When the characters take over
For forty years I wrote only for myself. My characters were free to do what they wished. They lived. They grew. A few of them had the luxury of appearing in different tales with conflicting storylines.
When I was writing about them the stories wrote themselves.
Then I hit fifty and made a resolution. No more writing without readers. I was going to use the internet to seek some out. The issue was, would they find my characters, some of whom had lived in my mind for decades, interesting?
I decided not to risk it. I had been watching the anime Naruto. One of the characters had caught my attention. I found a fanfiction site and set off; Masashi Kishimoto’s characters in my interstellar world.
It worked. I had readers. They liked the stories.
Three years later I decided it was time to stop writing fanfiction and go back to the real thing; my characters in my interstellar world.
I started afresh. The characters, as always, were not a problem. I quickly had my five main characters with a backstory for each. Journeys to and from work were spent imagining how each character would react in a wide range of situations. I would jump forward or backwards in time. What had happened to make the character that way? What were the future consequences of current actions?
Then, rather than just launching into the writing, I began planning. These would be proper books. They would have beginnings, middles and ends. As well as the inter-character relationships, which come naturally to me, there would be conflict and action.
There would not be angst. I have my limits.
Each book would have 27 chapters each of which would be 3,000 words long, producing a book of 81,000 words, which was considered an acceptable length. I even had a plot summary for three successive books.
It started well enough. I liked the characters. They were developing well. If I put them in a scenario in my head, I knew how each of them would react. As a bonus, a strong supporting cast was appearing. Some of the minor characters would stay; necessary bit players. Others appeared only briefly; cameo roles.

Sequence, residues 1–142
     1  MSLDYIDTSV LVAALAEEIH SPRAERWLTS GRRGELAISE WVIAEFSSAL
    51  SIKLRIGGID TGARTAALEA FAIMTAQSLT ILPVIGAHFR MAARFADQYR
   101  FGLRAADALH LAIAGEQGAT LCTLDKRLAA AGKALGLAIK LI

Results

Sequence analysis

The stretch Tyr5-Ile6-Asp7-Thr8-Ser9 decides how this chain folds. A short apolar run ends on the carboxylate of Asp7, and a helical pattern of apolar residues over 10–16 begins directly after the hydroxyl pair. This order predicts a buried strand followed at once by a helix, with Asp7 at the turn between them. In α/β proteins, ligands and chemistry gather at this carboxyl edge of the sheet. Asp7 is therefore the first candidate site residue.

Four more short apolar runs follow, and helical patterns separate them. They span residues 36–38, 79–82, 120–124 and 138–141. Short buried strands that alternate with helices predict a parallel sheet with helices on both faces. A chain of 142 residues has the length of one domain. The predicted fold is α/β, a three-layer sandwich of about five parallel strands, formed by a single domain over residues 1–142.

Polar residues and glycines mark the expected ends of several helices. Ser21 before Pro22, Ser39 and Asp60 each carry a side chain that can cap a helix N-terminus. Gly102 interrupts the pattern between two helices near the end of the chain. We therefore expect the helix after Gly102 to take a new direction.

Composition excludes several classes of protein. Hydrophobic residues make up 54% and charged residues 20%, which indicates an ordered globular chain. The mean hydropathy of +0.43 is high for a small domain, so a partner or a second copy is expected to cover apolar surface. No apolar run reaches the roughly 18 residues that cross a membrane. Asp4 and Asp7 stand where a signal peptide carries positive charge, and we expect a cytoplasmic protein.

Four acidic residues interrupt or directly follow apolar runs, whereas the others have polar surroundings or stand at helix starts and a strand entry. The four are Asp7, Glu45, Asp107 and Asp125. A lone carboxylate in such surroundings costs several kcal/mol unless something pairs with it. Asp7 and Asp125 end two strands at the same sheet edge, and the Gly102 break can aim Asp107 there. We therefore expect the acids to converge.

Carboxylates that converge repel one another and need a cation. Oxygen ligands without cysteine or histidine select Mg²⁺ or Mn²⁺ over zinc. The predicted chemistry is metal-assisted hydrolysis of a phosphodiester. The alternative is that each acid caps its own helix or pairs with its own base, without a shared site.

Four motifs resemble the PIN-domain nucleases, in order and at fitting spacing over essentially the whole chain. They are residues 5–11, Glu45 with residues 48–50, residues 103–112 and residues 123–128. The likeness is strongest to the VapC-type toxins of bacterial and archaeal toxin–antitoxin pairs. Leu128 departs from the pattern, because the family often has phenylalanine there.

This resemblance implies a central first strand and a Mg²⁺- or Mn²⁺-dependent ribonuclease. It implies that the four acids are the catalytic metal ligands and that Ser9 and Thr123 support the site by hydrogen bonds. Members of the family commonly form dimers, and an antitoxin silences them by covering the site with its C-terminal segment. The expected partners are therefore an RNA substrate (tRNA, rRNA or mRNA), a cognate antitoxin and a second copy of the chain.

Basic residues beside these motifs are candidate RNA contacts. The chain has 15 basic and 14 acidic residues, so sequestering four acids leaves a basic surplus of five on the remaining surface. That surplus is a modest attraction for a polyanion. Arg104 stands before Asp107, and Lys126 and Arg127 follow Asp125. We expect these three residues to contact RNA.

Then I was introduced to writer’s block. Was it the characters? Did I not care enough about them? Even writing about Masashi Kishimoto’s characters had been easier.
Then I realised it was the first time I had written a story knowing the outcome. My new characters were constrained. If I let them off the hook to go their own way they would wreak havoc with my plans.
Then it happened. I gave the characters a glimpse of freedom and they were off. The plot went off the rails. New minor characters were popping up like daisies. One of the major characters developed a characteristic that will influence the outcome of the entire series.
I had to wrestle the plot back under control and point it in the desired direction. That took half a book. I had to work with the evolved characters, who now behaved differently.
It was a lot more enjoyable than writer’s block.
So now I oscillate between my natural writing style, where characters do what they please, and the organised, hard-headed approach advocated in all those books that give would-be authors advice. Occasionally, as I travel back and forth between those two extremes, I manage to make progress.
The truth is that I love it when the characters take control. I want them to be wilful. I write my best stories when they grab me by the hand and pull me into an unknown future.
Mannah Pierce has been building her imaginary interstellar world of the far future story by story for four decades. At the age of fifty she decided to try sharing it with readers online and then, five years later, spurred by the diagnosis of a life-limiting illness, she wrote and had published Cast Adrift, her first fiction book.
In the everyday world, Mannah Pierce was a scientist and teacher but now works for a charity. She has been married for over thirty years and, predictably, likes cats.
Read more about her journey as an author: http://www.mannahpierce.com/blog.html.